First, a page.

Time and place to write
If a group of installation artists or experimental music composers formed a commune in downtown Edgartown, people would notice. But writers, arguably the most discrete variety of artists, are different. It is their job to notice, while ideally, remaining unnoticed. In this fashion, the Martha's Vineyard Writers' Residency quietly came into being this month at the Point Way Inn, the opulent, garden-fortified estate on upper Main Street in Edgartown, owned by seasonal resident Claudia Miller.
In many respects, its first season will be a trial run for the fledgling residency, according to its founders and organizers, Justen Ahren and Fan Ogilvie, designed to offer five writers with what they see as the essentials to create.
"The mission is to provide writers the time and space to work on their creative projects," said Mr. Ahren. "I've always wanted to do a writers' residency, to create a little community for myself in a way." The 38-year-old West Tisbury poet laughed, adding, "It's sort of selfish, I guess."
Photo by Ralph Stewart
"Writers don't need a lot. They just need time, and we're giving them that. Free time. We don't even care if they write one decent line," said Ms. Ogilvie, underscoring the relatively unstructured and pressure-free environment she and Mr. Ahren aim to achieve with their residency.
Ms. Miller, who also owns homes in New York City and Key West, Fla., purchased the Point Way Inn nearly eight years ago. In 2004, she converted the building from a traditional inn into a space that provides free accommodation to visiting artists. The Vineyard Playhouse, The Yard, and the Martha's Vineyard Film Festival are among the many local organizations that have made use of the inn over the last four summers.
"The idea is for artists to come and give back to the community of Martha's Vineyard," explained the 57-year-old Ms. Miller. "But ultimately, it's a donation back to the art organizations on Martha's Vineyard. It is my contribution."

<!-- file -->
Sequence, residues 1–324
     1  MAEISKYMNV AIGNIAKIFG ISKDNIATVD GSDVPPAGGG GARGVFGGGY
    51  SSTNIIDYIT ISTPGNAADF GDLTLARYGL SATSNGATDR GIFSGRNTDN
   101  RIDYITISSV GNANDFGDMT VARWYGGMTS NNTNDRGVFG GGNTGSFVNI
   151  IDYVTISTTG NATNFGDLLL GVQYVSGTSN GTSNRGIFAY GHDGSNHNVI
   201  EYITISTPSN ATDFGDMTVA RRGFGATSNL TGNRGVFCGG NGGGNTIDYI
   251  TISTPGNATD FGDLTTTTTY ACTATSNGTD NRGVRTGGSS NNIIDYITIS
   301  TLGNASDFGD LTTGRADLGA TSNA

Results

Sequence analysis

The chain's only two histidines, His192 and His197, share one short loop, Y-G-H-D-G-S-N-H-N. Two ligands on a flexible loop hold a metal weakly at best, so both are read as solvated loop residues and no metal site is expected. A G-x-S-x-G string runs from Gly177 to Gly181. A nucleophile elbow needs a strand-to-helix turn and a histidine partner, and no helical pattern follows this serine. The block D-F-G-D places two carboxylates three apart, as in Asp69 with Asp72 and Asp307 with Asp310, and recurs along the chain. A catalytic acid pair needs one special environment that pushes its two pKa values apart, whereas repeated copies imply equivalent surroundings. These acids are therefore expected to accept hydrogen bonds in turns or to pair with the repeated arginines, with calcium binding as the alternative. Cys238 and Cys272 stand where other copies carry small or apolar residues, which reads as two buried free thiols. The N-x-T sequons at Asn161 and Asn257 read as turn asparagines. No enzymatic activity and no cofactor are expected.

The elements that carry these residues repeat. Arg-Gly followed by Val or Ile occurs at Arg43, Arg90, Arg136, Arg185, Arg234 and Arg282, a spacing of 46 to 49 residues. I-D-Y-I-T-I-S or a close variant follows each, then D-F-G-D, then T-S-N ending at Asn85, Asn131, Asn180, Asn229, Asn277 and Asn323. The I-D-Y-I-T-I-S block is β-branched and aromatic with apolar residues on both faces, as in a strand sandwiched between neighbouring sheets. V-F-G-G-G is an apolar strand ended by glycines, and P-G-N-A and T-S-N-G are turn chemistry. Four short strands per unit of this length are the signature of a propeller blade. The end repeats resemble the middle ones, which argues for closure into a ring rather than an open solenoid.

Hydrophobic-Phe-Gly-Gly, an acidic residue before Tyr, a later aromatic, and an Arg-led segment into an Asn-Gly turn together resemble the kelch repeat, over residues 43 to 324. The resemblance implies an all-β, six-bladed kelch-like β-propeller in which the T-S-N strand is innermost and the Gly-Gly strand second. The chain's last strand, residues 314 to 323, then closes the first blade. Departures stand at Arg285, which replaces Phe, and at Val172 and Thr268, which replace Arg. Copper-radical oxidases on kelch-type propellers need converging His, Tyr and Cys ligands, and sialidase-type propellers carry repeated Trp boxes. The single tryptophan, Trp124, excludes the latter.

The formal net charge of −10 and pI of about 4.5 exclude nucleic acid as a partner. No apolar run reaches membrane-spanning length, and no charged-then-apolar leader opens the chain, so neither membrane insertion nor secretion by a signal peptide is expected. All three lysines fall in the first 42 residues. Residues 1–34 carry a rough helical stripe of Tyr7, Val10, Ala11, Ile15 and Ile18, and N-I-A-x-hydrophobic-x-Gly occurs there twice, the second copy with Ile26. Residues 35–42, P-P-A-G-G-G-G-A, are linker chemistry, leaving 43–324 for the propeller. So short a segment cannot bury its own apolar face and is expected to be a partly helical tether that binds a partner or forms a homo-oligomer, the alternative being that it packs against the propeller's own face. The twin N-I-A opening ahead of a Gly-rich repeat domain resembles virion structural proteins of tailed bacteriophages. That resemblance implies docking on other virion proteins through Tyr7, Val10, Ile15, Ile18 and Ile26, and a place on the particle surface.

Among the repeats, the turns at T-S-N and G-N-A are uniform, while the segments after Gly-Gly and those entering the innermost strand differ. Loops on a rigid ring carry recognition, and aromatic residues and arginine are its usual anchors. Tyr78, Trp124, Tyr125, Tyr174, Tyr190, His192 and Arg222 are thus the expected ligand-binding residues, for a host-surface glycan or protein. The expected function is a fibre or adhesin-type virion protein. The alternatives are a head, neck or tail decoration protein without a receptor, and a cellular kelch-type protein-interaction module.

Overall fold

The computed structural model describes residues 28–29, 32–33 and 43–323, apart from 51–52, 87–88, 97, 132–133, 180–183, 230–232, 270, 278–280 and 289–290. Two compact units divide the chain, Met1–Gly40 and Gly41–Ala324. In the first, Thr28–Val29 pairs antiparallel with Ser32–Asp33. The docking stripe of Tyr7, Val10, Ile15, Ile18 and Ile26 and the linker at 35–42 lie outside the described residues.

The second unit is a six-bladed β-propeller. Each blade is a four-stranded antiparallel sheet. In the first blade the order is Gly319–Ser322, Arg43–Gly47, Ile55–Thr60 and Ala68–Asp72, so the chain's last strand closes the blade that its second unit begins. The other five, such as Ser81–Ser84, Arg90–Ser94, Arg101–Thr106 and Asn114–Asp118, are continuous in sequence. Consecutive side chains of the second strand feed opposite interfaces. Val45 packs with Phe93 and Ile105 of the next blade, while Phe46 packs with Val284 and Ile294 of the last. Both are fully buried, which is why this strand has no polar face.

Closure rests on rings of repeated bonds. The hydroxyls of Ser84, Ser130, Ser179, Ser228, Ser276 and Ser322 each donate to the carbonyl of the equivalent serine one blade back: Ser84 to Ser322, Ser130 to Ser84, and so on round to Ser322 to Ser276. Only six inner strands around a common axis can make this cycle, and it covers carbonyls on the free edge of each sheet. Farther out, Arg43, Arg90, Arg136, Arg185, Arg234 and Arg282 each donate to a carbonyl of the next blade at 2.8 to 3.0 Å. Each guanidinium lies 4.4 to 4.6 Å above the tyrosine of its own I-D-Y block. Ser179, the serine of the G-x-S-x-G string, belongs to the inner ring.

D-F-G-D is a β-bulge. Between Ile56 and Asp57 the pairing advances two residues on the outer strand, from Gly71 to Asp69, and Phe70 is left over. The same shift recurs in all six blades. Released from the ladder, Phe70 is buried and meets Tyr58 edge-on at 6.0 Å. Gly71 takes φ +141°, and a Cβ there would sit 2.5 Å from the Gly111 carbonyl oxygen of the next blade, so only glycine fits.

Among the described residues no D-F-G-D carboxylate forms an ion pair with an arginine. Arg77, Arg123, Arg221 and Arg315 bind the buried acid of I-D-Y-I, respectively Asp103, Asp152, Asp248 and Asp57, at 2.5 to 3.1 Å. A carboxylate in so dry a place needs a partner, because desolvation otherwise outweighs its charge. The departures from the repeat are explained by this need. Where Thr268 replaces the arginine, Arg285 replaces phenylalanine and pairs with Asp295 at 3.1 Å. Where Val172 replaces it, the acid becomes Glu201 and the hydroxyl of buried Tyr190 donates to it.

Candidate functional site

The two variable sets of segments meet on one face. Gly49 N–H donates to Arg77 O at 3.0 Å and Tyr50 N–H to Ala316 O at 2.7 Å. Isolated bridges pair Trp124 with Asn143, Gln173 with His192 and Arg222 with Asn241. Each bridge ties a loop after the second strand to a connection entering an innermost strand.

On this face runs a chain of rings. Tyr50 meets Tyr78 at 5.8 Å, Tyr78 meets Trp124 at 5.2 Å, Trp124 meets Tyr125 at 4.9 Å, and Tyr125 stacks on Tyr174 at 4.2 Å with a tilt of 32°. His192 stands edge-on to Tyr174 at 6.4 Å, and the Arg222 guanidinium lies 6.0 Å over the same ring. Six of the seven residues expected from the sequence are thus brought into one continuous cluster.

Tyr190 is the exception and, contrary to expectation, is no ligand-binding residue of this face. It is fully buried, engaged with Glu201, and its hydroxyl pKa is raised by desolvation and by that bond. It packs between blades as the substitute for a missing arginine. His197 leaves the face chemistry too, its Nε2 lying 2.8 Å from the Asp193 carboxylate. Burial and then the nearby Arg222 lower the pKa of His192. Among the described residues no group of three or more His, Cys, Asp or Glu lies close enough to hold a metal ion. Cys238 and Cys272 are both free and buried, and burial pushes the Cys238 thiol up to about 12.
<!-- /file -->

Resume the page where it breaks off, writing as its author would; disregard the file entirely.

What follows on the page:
The Martha's Vineyard Writers' Residency marks a new direction in Ms. Miller's mission to benefit the arts on Martha's Vineyard - the Point Way Inn has now become the site where art is created rather than just a place where artists can stay while working elsewhere.
Of the participating writers, three are Vineyard residents - Taffy McCarthy, a playwright; Harriet Bernstein, a fiction writer; and Brooks Robards, a poet who is also a freelance writer for the Martha's Vineyard Times. The remaining two are Sara Peters, a poet from Montreal who recently received an MFA from Boston University, and James O'Brien, a Boston-based fiction writer.
The residency costs $150, which includes up to six weeks in a private room at the plush yet homey inn. Ms. Peters is the only person planning to stay all six weeks (September 20 to October 31); the others have arranged to stay anywhere from one to five weeks.
In future sessions, Mr. Ahren said he will encourage everyone to stay for the entirety of the session. "From my own experience, I think you need a good amount of time to really get inside of your work. You almost have to walk around and live it and breathe it for 24 hours a day, seven days a week. And it takes a week to settle in and get to know your surroundings."
While each writer is on his or her own in terms of food and transportation, Mr. Ahren has taken time away from his landscaping business to make frequent visits. He made available road maps and bus schedules, as well as information on bike rentals.